Monday, February 22, 2010

A Suggestion for Dan Coudreaut

I recently saw an article, in Newsweek, about Dan Coudreaut, whose job title at the McDonalds Corporation is Director of Culinary Innovation. There's also an article about him in Chicago Redeye (2/22/2010, pages 6 and 7). He's been called the most influential chef in America, inasmuch as he helps McDonald's to develop new menu items which meet that company's standards. I suppose it depends on how one defines the word "influential". If it's a matter of serving more people than almost every other restaurant or restaurant chain in the world, then the word definitely fits. But that can be a good or bad thing. When it comes to McDonald's and its effect on the health of Americans, the record is decidedly mixed.

Here's a suggestion for Dan: I think that it would be nice if McDonald's would offer a green vegetable other than iceberg lettuce.

Friday, February 19, 2010

Blogger Pages has long offered an easy way to create websites, without the need for any knowledge of HTML or other web design layout languages or web design programs, simply by design one's own blog and filling it with content. But it used to be that Blogger blogs were very different from regular websites. Specifically, Blogger blog sites really only had one page: The home page. One could move forward or back in order to read different blog posts, but one couldn't easily set up "static" web pages which were always easily accessible, in order to furnish visitors with basic information without requiring that they search the entire site in order to find that information.

Truth In Advertising

Andersonville Wine & Spirits, located just across the street from the Internet cafe for which I currently work, has signs in the window advertising the various brands of booze the store carries. Judging from one of those signs, one of those drinks appears to have the charming name of Delirium Tremens. The sign features a picture of a pink elephant on a blue background. Presumably that's a reference to the fact that Delirium Tremens is the technical name of the hallucinations suffered by alcoholics.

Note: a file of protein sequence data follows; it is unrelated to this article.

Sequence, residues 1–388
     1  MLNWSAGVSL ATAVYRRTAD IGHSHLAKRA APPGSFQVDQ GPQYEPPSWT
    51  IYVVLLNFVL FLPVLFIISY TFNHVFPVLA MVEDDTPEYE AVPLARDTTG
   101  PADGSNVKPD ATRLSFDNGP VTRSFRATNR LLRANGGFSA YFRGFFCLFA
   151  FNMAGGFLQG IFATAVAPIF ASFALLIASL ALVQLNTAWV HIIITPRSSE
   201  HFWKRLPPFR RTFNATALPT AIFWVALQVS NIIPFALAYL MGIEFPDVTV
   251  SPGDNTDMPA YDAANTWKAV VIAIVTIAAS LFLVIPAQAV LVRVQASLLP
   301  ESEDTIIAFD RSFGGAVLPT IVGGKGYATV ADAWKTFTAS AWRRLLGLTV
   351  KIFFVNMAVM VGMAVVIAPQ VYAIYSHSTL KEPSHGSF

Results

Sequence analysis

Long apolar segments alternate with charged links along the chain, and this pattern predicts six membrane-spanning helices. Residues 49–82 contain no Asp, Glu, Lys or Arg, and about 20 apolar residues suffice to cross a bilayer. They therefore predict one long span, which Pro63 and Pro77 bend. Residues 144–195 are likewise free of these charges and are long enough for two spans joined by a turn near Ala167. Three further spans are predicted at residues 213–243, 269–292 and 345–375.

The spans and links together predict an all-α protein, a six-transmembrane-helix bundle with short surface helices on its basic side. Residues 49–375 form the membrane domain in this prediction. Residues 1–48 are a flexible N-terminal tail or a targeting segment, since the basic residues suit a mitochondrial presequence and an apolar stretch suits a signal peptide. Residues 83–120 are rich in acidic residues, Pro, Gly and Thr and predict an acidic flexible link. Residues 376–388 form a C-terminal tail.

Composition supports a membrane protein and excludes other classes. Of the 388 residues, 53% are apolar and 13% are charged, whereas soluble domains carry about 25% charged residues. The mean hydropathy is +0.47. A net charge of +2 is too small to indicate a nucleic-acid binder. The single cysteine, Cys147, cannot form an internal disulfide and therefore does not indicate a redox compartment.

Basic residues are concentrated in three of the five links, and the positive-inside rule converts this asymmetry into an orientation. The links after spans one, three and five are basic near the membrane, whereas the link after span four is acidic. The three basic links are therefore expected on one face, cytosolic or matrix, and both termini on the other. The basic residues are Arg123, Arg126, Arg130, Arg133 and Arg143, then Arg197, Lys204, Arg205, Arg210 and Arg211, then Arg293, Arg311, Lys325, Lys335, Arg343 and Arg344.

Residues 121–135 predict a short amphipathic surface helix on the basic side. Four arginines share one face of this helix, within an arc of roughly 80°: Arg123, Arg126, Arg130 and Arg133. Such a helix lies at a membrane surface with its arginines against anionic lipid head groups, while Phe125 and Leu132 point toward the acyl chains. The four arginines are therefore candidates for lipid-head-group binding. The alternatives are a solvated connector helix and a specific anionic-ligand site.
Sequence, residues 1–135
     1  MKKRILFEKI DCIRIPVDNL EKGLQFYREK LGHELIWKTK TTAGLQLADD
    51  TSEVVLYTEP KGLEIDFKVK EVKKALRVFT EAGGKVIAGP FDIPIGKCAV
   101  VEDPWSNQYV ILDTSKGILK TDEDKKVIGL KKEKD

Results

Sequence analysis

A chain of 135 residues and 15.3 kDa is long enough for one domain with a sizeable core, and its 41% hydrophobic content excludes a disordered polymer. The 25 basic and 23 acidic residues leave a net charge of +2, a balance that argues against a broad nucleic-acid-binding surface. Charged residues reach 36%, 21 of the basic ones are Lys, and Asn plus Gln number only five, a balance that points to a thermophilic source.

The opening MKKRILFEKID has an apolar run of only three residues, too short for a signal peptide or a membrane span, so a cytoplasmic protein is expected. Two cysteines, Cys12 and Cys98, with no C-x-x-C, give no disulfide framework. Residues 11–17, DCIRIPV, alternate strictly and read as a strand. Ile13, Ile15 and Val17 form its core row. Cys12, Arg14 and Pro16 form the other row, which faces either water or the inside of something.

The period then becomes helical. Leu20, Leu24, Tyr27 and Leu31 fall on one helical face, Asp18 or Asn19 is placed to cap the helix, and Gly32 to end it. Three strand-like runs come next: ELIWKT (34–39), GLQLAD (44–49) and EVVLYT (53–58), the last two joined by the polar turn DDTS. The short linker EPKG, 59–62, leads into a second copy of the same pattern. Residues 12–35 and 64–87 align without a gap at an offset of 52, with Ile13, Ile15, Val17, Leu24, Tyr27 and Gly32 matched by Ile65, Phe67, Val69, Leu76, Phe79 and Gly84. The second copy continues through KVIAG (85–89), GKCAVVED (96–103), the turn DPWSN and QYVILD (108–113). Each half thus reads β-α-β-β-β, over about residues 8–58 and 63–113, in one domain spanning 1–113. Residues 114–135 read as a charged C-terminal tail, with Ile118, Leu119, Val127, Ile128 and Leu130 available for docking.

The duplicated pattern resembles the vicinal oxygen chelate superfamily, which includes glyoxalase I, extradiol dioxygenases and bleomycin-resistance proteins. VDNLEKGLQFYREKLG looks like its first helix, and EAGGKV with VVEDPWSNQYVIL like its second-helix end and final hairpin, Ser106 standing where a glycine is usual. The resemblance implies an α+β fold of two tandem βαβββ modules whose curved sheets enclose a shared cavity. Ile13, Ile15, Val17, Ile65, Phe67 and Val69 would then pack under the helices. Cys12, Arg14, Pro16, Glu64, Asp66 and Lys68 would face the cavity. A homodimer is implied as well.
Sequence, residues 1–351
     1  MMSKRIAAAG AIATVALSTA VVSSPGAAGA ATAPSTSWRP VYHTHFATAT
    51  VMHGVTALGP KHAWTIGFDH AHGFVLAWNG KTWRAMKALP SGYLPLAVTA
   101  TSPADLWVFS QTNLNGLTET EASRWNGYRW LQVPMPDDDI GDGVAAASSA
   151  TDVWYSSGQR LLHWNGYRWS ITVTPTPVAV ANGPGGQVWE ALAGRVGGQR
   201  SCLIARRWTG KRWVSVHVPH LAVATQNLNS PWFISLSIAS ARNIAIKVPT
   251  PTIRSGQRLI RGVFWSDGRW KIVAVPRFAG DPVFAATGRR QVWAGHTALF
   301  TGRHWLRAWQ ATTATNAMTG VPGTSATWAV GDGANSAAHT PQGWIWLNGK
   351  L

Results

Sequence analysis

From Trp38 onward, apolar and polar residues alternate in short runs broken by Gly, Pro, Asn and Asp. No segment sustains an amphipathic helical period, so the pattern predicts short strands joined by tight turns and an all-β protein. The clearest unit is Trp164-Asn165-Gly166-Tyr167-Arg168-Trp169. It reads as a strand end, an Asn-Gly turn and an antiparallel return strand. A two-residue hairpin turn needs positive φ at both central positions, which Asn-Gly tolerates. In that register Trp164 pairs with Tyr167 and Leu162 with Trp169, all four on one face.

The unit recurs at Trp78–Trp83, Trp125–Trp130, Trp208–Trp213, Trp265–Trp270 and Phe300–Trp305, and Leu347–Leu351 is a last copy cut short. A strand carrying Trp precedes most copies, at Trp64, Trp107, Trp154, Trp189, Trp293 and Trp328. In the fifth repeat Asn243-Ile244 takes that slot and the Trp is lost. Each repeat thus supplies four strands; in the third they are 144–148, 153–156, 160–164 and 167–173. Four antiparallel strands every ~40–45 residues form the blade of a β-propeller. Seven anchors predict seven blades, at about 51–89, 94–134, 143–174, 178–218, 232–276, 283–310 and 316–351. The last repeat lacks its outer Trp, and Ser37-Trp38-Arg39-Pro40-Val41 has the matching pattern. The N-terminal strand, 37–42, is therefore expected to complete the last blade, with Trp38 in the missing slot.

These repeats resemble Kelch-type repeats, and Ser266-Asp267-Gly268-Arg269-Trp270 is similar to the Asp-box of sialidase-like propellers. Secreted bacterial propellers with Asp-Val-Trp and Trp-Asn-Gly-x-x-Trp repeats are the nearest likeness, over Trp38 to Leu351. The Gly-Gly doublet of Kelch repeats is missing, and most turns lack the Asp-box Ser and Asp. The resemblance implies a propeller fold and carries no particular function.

Since they've decided to be honest, perhaps they'll come out with a full line of alcoholic drinks named after additional symptoms of alcohol abuse, such as hangovers, ruined marriages, children abused by their drunken parents, people killed by drunken drivers, women raped by their drunken dates, and folks whose idea of a good time involves incoherent speech, disgusting personal hygiene, and frequent vomiting.

Wednesday, February 17, 2010

Thinking and Speaking

Recently I was exposed to some posters, on the subway trains and buses here in Chicago, and while the subject of those posters was ostensibly common courtesy and tolerance, it was clear to me that the real agenda was altogether different.

In response, I sent the following letter to the folks who had placed those posters:

I've seen your advertising posters, and I've visited your website.

While you're on the subject of thinking before one speaks, you might want to give some serious thought to the pejorative and frequently inaccurate nature of the "homophobic" label which is often mindlessly applied to any and all opponents of homosexuality and/or the liberal gay agenda. There are many reasons for opposition to such things, and some of those things (such as sincere beliefs about the nature of biblical revelation regarding homosexuality) have nothing whatsoever to do with fear.

You might also want to give more thought to the idea that a phobia is not just any fear. It is, more specifically, an irrational fear, according to most dictionary definitions. Some fears are both rational and justifiable (and are therefore not phobias), on account of the fact that they motivate us to take preemptive measures to protect ourselves against known dangers. We put smoke detectors in our homes because the threat of fires is a real, documented threat. While it is true that any legitimate fear can become a phobia if it's exaggerated beyond reason, a specific fear itself may nevertheless be rational and justifiable.